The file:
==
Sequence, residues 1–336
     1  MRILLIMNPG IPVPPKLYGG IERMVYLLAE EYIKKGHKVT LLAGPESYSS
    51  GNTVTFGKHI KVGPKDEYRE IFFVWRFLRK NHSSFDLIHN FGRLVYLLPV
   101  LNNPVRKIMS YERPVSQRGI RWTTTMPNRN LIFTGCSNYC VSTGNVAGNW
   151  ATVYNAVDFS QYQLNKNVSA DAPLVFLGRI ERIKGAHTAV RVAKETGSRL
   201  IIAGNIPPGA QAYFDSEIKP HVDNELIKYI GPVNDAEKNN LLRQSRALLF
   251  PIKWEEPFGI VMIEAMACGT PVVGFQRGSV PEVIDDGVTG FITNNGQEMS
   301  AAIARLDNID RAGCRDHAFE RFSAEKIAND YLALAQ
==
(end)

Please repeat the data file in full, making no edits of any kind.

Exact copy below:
Sequence, residues 1–336
     1  MRILLIMNPG IPVPPKLYGG IERMVYLLAE EYIKKGHKVT LLAGPESYSS
    51  GNTVTFGKHI KVGPKDEYRE IFFVWRFLRK NHSSFDLIHN FGRLVYLLPV
   101  LNNPVRKIMS YERPVSQRGI RWTTTMPNRN LIFTGCSNYC VSTGNVAGNW
   151  ATVYNAVDFS QYQLNKNVSA DAPLVFLGRI ERIKGAHTAV RVAKETGSRL
   201  IIAGNIPPGA QAYFDSEIKP HVDNELIKYI GPVNDAEKNN LLRQSRALLF
   251  PIKWEEPFGI VMIEAMACGT PVVGFQRGSV PEVIDDGVTG FITNNGQEMS
   301  AAIARLDNID RAGCRDHAFE RFSAEKIAND YLALAQ